The Ontario government says it is conducting an expanded mercury contamination assessment in the hopes of cleaning up a site that has left a northern First Nation plagued with mercury poisoning for more than 50 years.
The commitment follows testing done by volunteers with an environmental group last year that found high levels of mercury in soil samples taken near an old paper mill.
The Grassy Narrows community, near the Manitoba border, has dealt with mercury poisoning since the mill in Dryden, Ont., dumped 9,000 kilograms of the substance into the Wabigoon and English River systems during the 1960s.
But mercury concentrations haven’t decreased in 30 years and dangerous levels are still present in sediment, fish, and the people of Grassy Narrows and Wabaseemoong (Whitedog) Independent Nations.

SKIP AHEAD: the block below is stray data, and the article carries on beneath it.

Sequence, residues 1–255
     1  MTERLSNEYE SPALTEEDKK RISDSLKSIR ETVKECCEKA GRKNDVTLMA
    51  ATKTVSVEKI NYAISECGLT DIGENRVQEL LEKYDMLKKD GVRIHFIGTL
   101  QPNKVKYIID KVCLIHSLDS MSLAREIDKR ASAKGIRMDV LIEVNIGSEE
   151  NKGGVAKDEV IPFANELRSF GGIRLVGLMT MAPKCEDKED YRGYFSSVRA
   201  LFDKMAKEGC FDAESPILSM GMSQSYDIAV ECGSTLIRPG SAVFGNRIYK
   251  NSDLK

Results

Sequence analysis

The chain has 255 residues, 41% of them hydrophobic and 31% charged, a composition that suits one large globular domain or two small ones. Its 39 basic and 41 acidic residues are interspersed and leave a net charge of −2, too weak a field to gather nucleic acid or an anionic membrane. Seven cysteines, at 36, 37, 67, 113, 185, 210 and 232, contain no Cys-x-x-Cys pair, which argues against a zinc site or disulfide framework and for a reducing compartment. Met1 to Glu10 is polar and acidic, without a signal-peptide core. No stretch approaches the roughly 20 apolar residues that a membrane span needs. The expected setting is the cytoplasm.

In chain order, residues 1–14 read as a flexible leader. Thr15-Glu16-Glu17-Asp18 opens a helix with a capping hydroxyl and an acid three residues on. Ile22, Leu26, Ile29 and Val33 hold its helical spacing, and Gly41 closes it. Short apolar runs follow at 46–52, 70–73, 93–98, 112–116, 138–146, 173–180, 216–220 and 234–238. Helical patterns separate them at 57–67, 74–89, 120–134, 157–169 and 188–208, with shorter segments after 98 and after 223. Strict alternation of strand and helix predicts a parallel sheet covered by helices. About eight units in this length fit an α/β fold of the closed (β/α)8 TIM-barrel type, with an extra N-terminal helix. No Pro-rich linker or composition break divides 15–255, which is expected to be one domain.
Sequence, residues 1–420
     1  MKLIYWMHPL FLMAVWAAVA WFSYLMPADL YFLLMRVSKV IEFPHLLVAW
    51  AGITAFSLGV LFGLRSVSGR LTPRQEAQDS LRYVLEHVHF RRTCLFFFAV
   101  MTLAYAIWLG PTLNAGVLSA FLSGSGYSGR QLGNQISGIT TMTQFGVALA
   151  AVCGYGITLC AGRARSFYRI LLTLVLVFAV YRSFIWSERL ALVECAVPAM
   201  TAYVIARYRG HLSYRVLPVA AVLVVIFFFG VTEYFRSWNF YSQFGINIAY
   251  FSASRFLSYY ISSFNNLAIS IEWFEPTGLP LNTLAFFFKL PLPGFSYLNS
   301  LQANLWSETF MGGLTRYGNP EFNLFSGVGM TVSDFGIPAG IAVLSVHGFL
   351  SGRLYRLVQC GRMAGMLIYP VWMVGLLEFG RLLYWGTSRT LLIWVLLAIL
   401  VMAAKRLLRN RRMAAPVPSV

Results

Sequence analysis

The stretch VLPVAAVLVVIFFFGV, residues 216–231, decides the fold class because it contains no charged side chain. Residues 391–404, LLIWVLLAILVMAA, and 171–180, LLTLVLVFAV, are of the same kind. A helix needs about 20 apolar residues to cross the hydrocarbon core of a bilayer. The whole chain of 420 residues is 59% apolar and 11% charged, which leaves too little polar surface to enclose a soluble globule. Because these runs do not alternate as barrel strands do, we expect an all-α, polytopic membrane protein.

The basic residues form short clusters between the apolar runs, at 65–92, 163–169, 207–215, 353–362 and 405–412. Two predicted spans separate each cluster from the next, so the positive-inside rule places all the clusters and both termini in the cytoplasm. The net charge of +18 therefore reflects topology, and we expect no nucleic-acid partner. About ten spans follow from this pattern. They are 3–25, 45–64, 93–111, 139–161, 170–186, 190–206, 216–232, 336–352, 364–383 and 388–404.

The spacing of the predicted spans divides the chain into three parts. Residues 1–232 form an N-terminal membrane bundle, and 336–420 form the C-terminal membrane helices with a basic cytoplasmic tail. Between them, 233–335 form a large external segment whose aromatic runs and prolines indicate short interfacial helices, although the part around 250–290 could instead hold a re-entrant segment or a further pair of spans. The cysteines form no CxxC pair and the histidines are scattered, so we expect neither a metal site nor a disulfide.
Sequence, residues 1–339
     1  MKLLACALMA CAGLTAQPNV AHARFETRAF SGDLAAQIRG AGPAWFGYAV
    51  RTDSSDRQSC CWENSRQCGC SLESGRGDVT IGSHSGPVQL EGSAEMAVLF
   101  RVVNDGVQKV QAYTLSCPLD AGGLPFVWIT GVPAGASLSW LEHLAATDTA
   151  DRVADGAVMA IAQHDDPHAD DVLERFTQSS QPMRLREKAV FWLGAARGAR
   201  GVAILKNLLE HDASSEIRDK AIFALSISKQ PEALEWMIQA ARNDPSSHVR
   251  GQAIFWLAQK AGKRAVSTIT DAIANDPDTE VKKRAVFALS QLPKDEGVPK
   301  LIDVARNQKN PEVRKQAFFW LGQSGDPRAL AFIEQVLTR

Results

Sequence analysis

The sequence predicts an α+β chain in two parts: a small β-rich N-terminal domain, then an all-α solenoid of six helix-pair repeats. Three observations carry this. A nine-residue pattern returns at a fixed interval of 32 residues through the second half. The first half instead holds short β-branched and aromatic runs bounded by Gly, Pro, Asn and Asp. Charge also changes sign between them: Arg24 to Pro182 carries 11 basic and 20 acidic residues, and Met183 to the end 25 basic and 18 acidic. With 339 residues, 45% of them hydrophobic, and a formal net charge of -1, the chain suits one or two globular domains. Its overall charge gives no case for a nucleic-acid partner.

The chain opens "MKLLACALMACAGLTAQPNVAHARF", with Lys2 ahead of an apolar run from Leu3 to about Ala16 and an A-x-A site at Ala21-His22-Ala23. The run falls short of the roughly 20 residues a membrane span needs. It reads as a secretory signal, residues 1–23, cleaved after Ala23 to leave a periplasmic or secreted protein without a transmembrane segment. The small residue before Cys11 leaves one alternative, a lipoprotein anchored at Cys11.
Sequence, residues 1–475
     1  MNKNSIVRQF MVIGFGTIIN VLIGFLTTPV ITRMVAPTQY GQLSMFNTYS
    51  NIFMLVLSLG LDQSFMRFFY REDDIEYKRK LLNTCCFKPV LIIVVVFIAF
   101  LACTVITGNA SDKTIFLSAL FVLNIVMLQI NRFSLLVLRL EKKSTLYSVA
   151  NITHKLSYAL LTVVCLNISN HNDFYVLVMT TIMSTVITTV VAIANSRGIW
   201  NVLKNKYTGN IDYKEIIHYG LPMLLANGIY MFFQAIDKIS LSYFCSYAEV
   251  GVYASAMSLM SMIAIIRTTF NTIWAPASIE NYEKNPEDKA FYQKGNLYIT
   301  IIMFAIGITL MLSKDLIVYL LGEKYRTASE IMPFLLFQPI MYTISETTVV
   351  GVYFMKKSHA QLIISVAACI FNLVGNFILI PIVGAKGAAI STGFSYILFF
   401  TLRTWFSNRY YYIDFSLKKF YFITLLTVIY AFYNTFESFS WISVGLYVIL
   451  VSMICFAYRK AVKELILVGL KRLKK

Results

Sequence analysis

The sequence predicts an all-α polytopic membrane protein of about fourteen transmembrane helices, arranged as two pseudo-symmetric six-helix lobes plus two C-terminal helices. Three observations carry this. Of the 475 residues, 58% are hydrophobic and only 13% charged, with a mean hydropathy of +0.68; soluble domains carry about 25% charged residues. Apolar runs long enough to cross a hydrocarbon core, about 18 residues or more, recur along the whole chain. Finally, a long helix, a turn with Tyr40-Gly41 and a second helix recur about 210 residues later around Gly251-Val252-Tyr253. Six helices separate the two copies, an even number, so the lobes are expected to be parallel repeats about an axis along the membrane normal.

The government previously conducted testing near the mill, when a former worker pointed them there, but says Earthroots volunteers conducted their tests in a different area, so the government will now conduct “a full and rigorous mercury contamination assessment on the entire mill site.”
Ontario Premier Kathleen Wynne and the province’s environment minister met Friday with the chief of Grassy Narrows and environmentalist David Suzuki and committed to identifying all potentially contaminated sites and implementing a remediation plan for the river.